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EU's top judge rejects charge of sweeping rulings, calls for clearer laws

LUXEMBOURG (Reuters) - The European Union’s top judge hit back at accusations that his court overstepped the mark with sweeping rulings imposed across the bloc, saying it was often left having to clear up vague legislation.

The towers of the European Court of Justice are seen in Luxembourg, January 26, 2017. Picture taken January 26, 2017. REUTERS/Francois Lenoir

Responding to charges of judicial activism, after a series of cases involving high-profile companies including Google, Koen Lenaerts said the Court of Justice of the European Union could only speak on what was put in front of it.

The court was set up to make sure EU law was interpreted and enforced in the same way in all EU states - putting it at the heart of often hard-fought battles pitting the bloc against individual countries and companies.

“The ones who agree with our judgements say the court of justice is fantastic,” the Belgian jurist said in an interview at the Luxembourg court.

“Those who disagree with the judges say these judges are awful. (They say:) ‘They grabbed the power. They’re judicially activists ... and make the choices which we did not write into the text.’”

Lenaerts told Reuters many cases were only referred up to Luxembourg to clear up grey areas in EU legislation - often the result of political compromises among the 28 member states.

“The truth of the matter is, if the political process had come on further to the punch line of making the choices which need to be made, then our role would have been better boxed into a classical role of a judge,” he said.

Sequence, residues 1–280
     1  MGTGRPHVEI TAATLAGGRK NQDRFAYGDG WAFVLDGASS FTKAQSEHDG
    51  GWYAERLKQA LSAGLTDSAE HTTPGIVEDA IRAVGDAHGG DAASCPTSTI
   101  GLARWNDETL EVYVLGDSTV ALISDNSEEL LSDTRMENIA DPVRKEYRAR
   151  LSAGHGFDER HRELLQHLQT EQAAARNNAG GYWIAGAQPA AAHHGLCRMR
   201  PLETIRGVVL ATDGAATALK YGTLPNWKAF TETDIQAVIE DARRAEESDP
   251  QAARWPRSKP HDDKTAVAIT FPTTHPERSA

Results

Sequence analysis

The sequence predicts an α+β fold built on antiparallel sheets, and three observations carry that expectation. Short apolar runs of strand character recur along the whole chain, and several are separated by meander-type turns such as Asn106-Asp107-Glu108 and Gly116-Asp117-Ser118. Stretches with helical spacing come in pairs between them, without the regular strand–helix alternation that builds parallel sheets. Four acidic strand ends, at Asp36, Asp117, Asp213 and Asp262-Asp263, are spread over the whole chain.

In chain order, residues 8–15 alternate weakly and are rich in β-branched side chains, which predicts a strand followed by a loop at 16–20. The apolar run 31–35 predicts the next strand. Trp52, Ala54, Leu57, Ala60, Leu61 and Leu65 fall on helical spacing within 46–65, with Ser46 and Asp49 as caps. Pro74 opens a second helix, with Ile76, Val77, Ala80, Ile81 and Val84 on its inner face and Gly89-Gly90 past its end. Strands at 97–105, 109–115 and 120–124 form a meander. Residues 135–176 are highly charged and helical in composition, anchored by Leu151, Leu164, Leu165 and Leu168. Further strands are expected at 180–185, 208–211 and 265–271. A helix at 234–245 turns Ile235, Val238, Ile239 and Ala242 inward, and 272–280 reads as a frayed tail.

Campaigners for Britain to leave the European Union before June’s Brexit referendum regularly accused the Luxembourg judges of using their powers to overrule national governments and force through greater European integration.

The court also came under fire from some activists after it ruled in 2014 that Google had to remove links to inaccurate or irrelevant information about people in its search results.

Activists said it would give rich people the power to force online companies to remove incriminating information.

But Lenaerts said the Court could not have gone beyond the case submitted to it by considering how the ruling affected the original publication of such information, or its storage in archives.

Similarly, the Court’s quashing of a framework relied upon by thousands of companies to transfer data between the EU and the United States in October 2015 was criticised for not giving businesses any time to adapt.

Lenaerts said rulings were limited to what was essential to solve a case, nothing more.

If courts requested a ruling on the compatibility of certain rules with EU treaties, he said, “we will speak out on that matter and not on five other issues not submitted to us, whatever our private opinion might be.”

Writing by Julia Fioretti; Editing by Andrew Heavens